Our facility was built in 1928 and is located near downtown Kent, Ohio on the Cuyahoga River. It is divided up into six distinct divisions. The links under "The DAE Facility" to the left cover each division of our restoration facility: the final assembly, machine, metal fabricating and shaping, paint, upholstry and wood shops.
Aging industrial facilities aren’t usually high on the list of “must see” items for civic leaders, but the home of Dale Adams Enterprises is a completely restored factory building located on a main thoroughfare less than a block from Kent’s business center, and has become a real point of pride for residents and business people of the area.
Built in 1928 as a garment sewing factory by the L.N. Gross company of Cleveland, the plant was designed in the then popular Art Deco style, featuring a stylish front entrance and huge windows to provide an abundance of natural light for the 100 or more women who did the sewing. Counting all three floors, the building has over 24,500 square feet. It is believed the tower portion of the building located over the entryway was he site of the original offices.
Located at 315 Gougler Avenue, the building has seen quite a number of diverse uses over its life, including a war-time machine shop operated by Gougler Industries (for whome the street was re-named to honor their contribution to the war effort), a printing plant, an A&P supermarket, and as the manufacturing site for bowling balls, van conversion parts, and most recently, specialty valves for the aerospace industry. Each occupant had made changes to suit their own needs, and by the time the building was acquired by Dale and his wife Josie, a lot of the original design features had been covered up, removed or changed.
“Being in the classic automobile business”, says Dale, “we have a strong interest in preserving period design and style. Even though there had been lots of changes, Josie and I could see the beautiful Art Deco design that had been the original concept for the building. That’s the style that was prominent at the time many of the classic cars we restore were being built, and our goal was to return it to as close to the original as was practical, providing the right kind of home and room for our business to grow.”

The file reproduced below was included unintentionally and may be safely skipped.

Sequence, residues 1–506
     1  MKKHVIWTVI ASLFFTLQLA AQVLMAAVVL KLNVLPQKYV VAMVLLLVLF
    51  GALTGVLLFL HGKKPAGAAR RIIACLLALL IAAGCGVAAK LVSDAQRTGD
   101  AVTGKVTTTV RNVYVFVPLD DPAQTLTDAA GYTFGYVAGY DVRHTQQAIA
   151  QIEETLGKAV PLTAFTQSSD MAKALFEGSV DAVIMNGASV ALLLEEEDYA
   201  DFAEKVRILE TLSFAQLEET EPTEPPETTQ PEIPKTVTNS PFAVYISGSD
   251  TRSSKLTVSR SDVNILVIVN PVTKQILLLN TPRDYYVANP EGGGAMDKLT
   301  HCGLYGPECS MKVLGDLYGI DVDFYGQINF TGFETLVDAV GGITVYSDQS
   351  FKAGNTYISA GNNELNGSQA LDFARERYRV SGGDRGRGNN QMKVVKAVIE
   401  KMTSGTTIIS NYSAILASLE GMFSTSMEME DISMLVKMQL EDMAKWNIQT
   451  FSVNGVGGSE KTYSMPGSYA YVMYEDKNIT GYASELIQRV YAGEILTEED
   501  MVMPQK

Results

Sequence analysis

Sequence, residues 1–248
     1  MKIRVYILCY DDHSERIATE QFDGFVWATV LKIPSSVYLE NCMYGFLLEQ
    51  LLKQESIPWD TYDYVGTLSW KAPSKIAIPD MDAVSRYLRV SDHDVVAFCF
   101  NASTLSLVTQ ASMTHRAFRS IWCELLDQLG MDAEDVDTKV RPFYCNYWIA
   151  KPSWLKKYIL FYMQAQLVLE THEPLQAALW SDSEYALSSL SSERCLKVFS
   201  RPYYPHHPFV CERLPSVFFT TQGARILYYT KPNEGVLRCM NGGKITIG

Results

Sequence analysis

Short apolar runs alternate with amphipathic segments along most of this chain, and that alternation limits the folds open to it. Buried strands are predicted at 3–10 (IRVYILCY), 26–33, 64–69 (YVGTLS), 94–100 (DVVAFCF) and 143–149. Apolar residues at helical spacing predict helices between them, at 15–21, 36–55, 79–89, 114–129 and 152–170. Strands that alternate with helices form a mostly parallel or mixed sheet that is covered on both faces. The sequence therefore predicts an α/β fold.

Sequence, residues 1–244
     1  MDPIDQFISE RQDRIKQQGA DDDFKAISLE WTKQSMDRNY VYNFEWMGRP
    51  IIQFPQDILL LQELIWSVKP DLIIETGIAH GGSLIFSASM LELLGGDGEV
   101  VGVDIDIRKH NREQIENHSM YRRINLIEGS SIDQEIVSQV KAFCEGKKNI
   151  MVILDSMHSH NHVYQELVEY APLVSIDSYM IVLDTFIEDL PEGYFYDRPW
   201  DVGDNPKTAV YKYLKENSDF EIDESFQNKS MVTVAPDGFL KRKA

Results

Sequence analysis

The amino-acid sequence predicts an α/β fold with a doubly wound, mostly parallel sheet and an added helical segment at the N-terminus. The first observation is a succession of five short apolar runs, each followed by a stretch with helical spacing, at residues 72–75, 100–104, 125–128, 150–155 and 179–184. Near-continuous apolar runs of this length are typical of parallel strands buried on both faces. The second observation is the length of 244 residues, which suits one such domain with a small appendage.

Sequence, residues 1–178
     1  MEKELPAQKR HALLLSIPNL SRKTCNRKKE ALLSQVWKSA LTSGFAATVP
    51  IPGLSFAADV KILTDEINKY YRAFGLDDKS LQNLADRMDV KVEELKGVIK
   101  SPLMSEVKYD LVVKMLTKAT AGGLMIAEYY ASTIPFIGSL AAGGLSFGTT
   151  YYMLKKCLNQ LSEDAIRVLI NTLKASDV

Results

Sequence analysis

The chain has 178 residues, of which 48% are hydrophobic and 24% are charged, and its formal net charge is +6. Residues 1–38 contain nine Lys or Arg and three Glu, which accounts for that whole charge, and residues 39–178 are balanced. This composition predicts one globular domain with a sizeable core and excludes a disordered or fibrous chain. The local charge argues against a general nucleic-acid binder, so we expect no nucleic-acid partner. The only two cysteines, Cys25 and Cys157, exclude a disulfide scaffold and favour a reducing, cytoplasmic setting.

Accomplishing the restoration turned out to be a project and a half. The entire structure had to be cleaned inside and out with a special foam blasting process used in the architectural restoration industry. Floors, which are a combination of concrete and hardwood, had to be replaced and/or refinished. All of the building’s mechanical systems, including heating, wiring, lighting, sprinklers and plumbing were upgraded to meet the new shop’s requirements and to comply with modern building codes. The huge steel casement windows that flood the interior with sunlight had been sealed and covered with foamed insulation as an energy conservation measure during an earlier energy crunch. Each one was removed, stripped, repainted with high-tech coatings, completely re-glazed with energy efficient thermopane glass, and reinstalled with elegant green canvas awnings.
The original offices had long since disappeared, so new ones were designed and built, in keeping with the period style of the building but incorporating all of the wiring and communication systems that are the life blood of modern businesses. Even the colors on the walls were researched for their appropriateness. Carefully furnished with Art Deco furniture and fixtures, the offices now look more like the lobby of a grand 1930s bank or hotel than the offices of a modern business. You might not know you were in an office until you heard the computer beep or the fax machine ring.
The Adams’ point with pride to the fact that much of the work that went into restoring the facility was done in their own shop by the same skilled employees who do the exquisite automobile restorations for which they are known. “All of the doors and millwork were created in our shop by Andy Bellina and Doug Peterson”, notes Dale. “Even the patterns for the elaborate cast bronze front doors were designed and created here. And though the panels were cast at a foundry in Cleveland, we did all the fabrication and assembly of the doors here.”
As a final touch, Josie Adams finished off the restoration with landscaping and flowers that have attracted local gardeners and photographers. “While we were restoring the building and moving in”, she says, “the city was widening and re-doing the street, a move that required removal of some beautiful old trees. Without the trees, surrounded by mud, raw earth and construction debris, the building looked a little lost and forlorn, so I could hardly wait for the opportunity to get the front finished the way we had dreamed it could be.”
(Adapted from a writing by Jim Armstrong)